Subtyping COPD by Using Visual and Quantitative CT Imaging Features

Chest. 2020 Jan;157(1):47-60. doi: 10.1016/j.chest.2019.06.015. Epub 2019 Jul 5.

Abstract

Background: Multiple studies have identified COPD subtypes by using visual or quantitative evaluation of CT images. However, there has been no systematic assessment of a combined visual and quantitative CT imaging classification. We integrated visually defined patterns of emphysema with quantitative imaging features and spirometry data to produce a set of 10 nonoverlapping CT imaging subtypes, and we assessed differences between subtypes in demographic features, physiological characteristics, longitudinal disease progression, and mortality.

Methods: We evaluated 9,080 current and former smokers in the COPDGene study who had available volumetric inspiratory and expiratory CT images obtained using a standardized imaging protocol. We defined 10 discrete, nonoverlapping CT imaging subtypes: no CT imaging abnormality, paraseptal emphysema (PSE), bronchial disease, small airway disease, mild emphysema, upper lobe predominant centrilobular emphysema (CLE), lower lobe predominant CLE, diffuse CLE, visual without quantitative emphysema, and quantitative without visual emphysema. Baseline and 5-year longitudinal characteristics and mortality were compared across these CT imaging subtypes.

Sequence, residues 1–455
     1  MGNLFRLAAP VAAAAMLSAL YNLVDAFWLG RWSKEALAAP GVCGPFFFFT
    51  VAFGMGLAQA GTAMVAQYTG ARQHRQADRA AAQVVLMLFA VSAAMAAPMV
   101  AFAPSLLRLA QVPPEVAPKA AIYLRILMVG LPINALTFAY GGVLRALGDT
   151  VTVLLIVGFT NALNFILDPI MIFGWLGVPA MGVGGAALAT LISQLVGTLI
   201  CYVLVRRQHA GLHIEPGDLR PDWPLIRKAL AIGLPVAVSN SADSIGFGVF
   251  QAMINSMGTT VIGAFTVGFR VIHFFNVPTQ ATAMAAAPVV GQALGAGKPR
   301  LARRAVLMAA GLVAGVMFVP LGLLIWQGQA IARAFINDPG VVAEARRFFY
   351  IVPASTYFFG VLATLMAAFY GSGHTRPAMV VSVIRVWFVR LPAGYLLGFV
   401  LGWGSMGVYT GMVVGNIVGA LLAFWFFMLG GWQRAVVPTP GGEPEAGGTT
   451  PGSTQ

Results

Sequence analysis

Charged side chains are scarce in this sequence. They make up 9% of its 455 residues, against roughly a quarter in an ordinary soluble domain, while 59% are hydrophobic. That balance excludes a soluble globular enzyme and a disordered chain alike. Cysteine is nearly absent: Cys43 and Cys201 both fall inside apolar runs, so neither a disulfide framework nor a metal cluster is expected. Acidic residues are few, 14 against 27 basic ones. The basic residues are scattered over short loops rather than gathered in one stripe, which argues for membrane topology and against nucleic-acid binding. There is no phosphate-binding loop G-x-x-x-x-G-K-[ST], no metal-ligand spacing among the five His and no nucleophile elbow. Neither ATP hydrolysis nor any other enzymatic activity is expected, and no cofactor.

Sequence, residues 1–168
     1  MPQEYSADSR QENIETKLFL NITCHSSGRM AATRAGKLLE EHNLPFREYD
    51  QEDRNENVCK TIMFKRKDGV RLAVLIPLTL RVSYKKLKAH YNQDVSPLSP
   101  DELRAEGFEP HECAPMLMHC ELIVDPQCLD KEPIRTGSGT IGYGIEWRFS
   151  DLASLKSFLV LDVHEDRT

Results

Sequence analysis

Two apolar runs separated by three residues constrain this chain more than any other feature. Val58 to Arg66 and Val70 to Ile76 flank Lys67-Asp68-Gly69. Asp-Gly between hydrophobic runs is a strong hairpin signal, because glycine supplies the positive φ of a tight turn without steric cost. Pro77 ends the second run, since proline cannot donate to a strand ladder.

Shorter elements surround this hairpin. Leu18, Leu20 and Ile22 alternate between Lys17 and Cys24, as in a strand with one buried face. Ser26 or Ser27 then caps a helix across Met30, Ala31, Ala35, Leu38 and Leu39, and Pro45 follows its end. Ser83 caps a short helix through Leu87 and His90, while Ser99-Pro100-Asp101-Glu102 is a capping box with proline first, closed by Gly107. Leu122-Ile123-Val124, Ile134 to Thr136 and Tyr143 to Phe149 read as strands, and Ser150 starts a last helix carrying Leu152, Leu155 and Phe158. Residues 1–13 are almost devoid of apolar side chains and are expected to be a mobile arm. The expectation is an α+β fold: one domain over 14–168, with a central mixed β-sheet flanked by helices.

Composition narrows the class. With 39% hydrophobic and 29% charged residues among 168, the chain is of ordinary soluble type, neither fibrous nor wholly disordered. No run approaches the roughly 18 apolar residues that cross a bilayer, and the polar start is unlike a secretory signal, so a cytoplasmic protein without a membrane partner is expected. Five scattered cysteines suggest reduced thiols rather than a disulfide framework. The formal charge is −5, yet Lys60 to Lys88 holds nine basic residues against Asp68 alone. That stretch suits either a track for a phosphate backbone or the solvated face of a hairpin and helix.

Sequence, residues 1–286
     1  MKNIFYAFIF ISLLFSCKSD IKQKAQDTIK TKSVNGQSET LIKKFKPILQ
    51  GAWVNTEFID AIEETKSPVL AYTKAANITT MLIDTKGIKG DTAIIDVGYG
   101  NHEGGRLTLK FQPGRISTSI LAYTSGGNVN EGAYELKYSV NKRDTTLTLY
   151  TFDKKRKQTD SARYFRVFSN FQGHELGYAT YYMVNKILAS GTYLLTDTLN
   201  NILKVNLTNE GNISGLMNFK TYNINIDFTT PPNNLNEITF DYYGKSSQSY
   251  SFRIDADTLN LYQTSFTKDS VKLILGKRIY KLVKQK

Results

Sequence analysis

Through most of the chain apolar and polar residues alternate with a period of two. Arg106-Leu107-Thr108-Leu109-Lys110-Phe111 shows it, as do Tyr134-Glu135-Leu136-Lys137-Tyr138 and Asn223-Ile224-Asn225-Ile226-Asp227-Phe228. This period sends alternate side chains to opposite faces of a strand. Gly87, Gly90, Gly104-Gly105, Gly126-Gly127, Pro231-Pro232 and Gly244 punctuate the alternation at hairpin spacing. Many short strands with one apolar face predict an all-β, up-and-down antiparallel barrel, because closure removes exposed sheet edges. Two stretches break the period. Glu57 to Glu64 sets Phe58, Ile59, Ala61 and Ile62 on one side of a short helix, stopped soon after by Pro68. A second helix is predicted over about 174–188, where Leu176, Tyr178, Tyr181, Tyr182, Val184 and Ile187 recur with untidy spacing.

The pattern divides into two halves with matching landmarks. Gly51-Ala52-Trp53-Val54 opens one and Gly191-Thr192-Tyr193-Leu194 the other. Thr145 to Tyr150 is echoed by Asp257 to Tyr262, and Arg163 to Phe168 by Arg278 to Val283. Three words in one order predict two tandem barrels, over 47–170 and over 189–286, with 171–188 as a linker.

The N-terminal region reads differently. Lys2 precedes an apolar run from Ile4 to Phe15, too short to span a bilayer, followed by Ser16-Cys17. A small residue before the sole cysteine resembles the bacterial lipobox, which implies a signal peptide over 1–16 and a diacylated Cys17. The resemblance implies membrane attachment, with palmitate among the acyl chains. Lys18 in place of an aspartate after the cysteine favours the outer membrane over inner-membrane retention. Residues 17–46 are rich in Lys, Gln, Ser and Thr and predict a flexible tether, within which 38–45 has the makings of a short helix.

Results: The overall mortality differed significantly between groups (P < .01) and was highest in the 3 moderate to severe CLE groups. Subjects having quantitative but not visual emphysema and subjects with visual but not quantitative emphysema were unique groups with mild COPD, at risk for progression, and with likely different underlying mechanisms. Subjects with PSE and/or moderate to severe CLE had substantial progression of emphysema over 5 years compared with findings in subjects with no CT imaging abnormality (P < .01).

Conclusions: The combination of visual and quantitative CT imaging features reflects different underlying pathological processes in the heterogeneous COPD syndrome and provides a useful approach to reclassify types of COPD.

Trial registry: ClinicalTrials.gov; No.: NCT00608764; URL: www.clinicaltrials.gov.

Keywords: COPD; CT imaging; epidemiology; heterogeneity; subtype.

Publication types

  • Multicenter Study
  • Research Support, N.I.H., Extramural
  • Research Support, Non-U.S. Gov't

MeSH terms

  • Female
  • Humans
  • Longitudinal Studies
  • Male
  • Middle Aged
  • Phenotype
  • Prospective Studies
  • Pulmonary Disease, Chronic Obstructive / classification*
  • Pulmonary Disease, Chronic Obstructive / diagnostic imaging*
  • Pulmonary Disease, Chronic Obstructive / mortality
  • Respiratory Function Tests
  • Smokers*
  • Tomography, X-Ray Computed*

Associated data

  • ClinicalTrials.gov/NCT00608764